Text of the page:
Definition of resonate
Examples of resonate in a Sentence
The siren resonated throughout the city.
the deep sounds of the bassoon resonated through the concert hall
Recent Examples of resonate from the Web
Even so, electric cars and pure hybrid vehicles aren't resonating for Americans right now.
As Rice sees it, Democrats need to come up with a new message, a fresh brand, an easy-to-explain economic plan that resonates with the masses.
The destruction has sparked shootouts in the streets between Saudi security forces and Shiite gunmen and stoked sectarian tensions that resonate around the region.
The Saudis paint the Yemen conflict as a fight against terrorism and border security — something that resonates with the new U.S. administration.
Upon its initial release, Quadrophenia resonated as a call to fans to grow up and move beyond the adolescent selfishness, skillfully evoked with great empathy and care in Townshend’s songs.
Why does Tchaikovsky’s compositions still resonate with audiences today?
The whole world was watching and the young United States became a global leader, a trend-setter, a shaper of ideas that resonated across continents.
After seven years of Tory spending cuts, his back-to-the-future socialist-tinged message resonated as well.
These example sentences are selected automatically from various online news sources to reflect current usage of the word 'resonate'. Views expressed in the examples do not represent the opinion of Merriam-Webster or its editors. Send us feedback.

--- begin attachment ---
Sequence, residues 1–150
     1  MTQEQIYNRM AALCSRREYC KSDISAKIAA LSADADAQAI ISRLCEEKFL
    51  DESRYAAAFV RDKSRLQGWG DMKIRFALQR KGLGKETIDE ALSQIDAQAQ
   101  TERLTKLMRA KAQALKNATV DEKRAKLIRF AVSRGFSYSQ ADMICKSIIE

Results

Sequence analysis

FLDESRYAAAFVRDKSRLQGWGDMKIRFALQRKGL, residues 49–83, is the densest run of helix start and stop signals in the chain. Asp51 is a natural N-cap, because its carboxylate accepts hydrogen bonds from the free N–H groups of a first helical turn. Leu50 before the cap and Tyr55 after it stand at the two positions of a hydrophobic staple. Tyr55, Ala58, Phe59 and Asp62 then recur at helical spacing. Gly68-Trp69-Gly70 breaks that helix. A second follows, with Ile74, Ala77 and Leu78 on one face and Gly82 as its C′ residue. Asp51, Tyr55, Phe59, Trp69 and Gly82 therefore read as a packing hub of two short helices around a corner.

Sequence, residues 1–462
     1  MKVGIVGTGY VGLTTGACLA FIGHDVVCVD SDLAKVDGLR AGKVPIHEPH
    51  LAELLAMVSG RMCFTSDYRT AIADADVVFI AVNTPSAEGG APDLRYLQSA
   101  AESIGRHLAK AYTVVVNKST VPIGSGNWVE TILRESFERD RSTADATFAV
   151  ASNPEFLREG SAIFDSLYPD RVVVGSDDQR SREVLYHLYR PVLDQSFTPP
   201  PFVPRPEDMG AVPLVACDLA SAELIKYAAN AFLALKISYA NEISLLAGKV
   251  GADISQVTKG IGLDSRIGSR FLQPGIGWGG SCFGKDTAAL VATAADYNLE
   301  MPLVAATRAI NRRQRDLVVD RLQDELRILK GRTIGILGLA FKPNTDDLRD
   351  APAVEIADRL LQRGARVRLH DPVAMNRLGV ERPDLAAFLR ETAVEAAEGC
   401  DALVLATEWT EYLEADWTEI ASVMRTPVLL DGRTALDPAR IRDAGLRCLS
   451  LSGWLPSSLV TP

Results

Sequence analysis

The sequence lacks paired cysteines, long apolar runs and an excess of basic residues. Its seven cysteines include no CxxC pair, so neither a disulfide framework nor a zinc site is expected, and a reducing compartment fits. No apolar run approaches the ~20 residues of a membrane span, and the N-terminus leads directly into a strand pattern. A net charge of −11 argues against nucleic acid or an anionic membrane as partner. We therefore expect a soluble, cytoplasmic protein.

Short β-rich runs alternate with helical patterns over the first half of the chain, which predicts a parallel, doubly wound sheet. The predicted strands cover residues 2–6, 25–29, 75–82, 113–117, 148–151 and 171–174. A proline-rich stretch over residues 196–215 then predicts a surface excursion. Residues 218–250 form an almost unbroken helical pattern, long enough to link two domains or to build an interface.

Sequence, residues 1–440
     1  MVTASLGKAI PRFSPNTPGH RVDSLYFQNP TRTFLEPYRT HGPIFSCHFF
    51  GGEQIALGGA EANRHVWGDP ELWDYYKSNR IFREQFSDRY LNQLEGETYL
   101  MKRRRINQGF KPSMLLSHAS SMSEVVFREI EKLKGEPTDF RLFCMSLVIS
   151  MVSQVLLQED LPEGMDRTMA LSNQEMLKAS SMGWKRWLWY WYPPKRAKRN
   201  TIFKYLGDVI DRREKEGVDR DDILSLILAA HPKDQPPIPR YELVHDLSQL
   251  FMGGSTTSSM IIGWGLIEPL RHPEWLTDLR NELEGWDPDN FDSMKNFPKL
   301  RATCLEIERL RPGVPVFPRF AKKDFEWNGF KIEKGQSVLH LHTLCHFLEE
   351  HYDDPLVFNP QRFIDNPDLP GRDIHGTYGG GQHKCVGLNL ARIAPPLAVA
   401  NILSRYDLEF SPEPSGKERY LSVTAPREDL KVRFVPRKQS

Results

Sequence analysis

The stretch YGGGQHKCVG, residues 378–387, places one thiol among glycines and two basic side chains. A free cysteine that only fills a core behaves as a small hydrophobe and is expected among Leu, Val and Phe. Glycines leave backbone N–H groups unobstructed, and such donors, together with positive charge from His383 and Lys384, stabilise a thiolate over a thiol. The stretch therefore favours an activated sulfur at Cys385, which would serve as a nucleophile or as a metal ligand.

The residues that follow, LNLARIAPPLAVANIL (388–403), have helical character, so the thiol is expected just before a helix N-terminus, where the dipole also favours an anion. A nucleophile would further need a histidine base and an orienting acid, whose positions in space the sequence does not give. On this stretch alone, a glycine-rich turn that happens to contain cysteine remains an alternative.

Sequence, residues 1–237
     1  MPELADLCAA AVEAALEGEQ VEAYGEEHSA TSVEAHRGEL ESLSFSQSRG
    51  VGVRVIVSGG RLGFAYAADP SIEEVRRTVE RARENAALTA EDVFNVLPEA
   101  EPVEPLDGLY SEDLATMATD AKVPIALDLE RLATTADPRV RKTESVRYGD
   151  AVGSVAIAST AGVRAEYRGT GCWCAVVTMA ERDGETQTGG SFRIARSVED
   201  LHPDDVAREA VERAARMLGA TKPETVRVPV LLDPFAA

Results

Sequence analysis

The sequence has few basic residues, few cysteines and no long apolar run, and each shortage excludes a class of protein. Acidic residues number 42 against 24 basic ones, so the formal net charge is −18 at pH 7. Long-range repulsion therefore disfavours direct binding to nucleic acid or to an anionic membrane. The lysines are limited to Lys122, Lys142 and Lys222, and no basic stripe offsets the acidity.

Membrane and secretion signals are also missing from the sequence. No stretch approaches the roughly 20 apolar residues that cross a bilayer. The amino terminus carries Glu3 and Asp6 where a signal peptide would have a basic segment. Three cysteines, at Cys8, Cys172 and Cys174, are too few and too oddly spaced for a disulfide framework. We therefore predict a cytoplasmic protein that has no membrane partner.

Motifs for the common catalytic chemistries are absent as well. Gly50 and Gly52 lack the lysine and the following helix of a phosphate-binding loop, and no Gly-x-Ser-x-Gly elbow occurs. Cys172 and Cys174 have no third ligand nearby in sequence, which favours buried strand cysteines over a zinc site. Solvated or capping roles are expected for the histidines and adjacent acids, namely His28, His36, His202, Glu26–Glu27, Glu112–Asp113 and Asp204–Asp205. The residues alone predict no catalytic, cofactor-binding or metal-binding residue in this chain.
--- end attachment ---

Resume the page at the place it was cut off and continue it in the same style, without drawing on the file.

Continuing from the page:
resonate vs. reverberate
Resonate and reverberate each have at least one meaning that is concerned with sound, and they carry a degree of overlap in their definitions. However, there are some subtle differences between them that are worth observing. Resonate typically suggests that a single lasting sound is produced; reverberate, on the other hand, indicates that an initial sound is followed by a series of echoes. In terms of the contexts in which they are used, resonate often involves a person (“that passage of the book resonated with many young readers”); reverberate, on the other hand, is more likely to be used of a thing, such as the aftermath of some major event (“the shock caused by the assassination reverberated across Europe”).
First Known Use of resonate
RESONATE Defined for English Language Learners
Definition of resonate for English Language Learners
: to continue to produce a loud, clear, deep sound for a long time
: to have particular meaning or importance for someone : to affect or appeal to someone in a personal or emotional way
Seen and Heard
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